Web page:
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Author Topic: City Of Waynesville and Administrative Search Warrants  (Read 20837 times)

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Offline sweetibear

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City Of Waynesville and Administrative Search Warrants
« on: February 29, 2008, 01:25:50 AM »

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I have heard that the City of Waynesville is trying to adopt a City Ordnance that there City Building Inspector along with the Waynesville Police Department Escorting them, If voted in they could apply for an Adminstrative Search Warrant for someones private property through there City Judge. Has anyone heard anything about this? WHY is the City of Waynesville getting into the business of issuing City Search Warrants? And ESPECIALLY with the Police Department escorting the Building Inspector going onto someones private property entrying someones house, apartment or whatever and if the Building Inspector is there for building code violation or violation's or because there is a large amount of trash in the yard or the building is causing an eye sore, why a POLICE presence? So if an officer sees something criminal in nature HOWEVER he/she is not there for criminal activity could it not lead to a criminal case because he/she was escorting the BUILDING INSPECTOR and it became plain view to the Officer. I am all for getting criminals HOWEVER in my opinion the means does not justy the ends what are the boundaries of the POLICE? What do you think about this?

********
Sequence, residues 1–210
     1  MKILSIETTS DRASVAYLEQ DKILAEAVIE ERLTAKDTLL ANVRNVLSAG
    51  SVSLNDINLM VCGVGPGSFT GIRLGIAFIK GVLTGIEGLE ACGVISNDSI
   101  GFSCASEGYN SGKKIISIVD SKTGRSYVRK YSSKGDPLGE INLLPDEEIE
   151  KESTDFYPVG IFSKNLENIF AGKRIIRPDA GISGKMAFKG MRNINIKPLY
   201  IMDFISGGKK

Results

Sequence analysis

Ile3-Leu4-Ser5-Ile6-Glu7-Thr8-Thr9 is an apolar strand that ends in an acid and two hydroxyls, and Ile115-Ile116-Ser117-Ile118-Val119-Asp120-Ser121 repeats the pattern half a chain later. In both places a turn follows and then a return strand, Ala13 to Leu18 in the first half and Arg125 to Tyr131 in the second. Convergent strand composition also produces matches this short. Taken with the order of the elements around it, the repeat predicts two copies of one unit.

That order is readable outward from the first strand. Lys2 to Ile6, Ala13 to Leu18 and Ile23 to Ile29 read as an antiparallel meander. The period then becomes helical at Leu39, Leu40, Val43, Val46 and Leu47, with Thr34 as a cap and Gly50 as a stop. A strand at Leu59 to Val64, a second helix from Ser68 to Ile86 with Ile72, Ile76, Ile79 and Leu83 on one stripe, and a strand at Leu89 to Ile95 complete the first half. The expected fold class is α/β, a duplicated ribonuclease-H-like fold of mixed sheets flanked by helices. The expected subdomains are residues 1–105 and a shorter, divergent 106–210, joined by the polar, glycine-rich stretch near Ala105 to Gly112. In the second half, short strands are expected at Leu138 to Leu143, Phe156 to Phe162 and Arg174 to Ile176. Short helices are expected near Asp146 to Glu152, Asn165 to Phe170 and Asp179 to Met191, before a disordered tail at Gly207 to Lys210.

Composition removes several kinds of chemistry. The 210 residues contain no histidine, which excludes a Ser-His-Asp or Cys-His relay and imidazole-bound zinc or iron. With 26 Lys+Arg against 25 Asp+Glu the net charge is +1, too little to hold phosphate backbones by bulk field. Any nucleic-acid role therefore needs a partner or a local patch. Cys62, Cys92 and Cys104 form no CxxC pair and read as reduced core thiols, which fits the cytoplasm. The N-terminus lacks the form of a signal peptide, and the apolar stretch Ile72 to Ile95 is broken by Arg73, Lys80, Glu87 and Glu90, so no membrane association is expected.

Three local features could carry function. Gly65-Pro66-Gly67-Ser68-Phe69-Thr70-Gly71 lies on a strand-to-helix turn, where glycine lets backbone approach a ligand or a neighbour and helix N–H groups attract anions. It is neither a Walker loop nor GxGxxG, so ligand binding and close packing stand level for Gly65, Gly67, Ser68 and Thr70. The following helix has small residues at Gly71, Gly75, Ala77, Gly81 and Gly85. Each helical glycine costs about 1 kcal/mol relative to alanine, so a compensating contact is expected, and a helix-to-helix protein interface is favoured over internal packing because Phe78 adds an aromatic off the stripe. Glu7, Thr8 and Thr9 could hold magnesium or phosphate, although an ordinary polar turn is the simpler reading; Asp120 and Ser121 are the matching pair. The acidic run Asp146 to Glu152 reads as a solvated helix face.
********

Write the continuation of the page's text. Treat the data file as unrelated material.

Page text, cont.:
Offline matrsnot

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Re: City Of Waynesville and Administrative Search Warrants
« Reply #1 on: February 29, 2008, 01:32:27 AM »
Not a lawyer, but a search warrant can only be issued with probable cause as far as I know.  I am not in the city so they can't come to my home, but you are asking on the wrong forum.  Ask a good lawyer about this.  It may only be rumor.

Offline I CAN C U

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Re: City Of Waynesville and Administrative Search Warrants
« Reply #2 on: February 29, 2008, 02:54:40 AM »
I was watching TV and i stopped at channel 12 and the City of Waynesville City Counsel meeting was on, and YES they were talking about the City of Waynesville making a City Ordnance to adopt Administrative Search Warrants. They were saying that if the Building Inspector saw something that was in City Violation IE bad roof or allot of stuff in the front yard the Building Inspector had Probible Cause to go to the City Judge and get a Administrative Search Warrant for the premises and they would be escorted by the Police Department. And apart of that conversation was that they could seize private property. ( I don't know names sorry)The Two Councelwomen were against it because of concerns,  the Counselman were for it at the end i think they put it off until the next meeting.

Offline laciesmom

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Re: City Of Waynesville and Administrative Search Warrants
« Reply #3 on: February 29, 2008, 04:12:28 AM »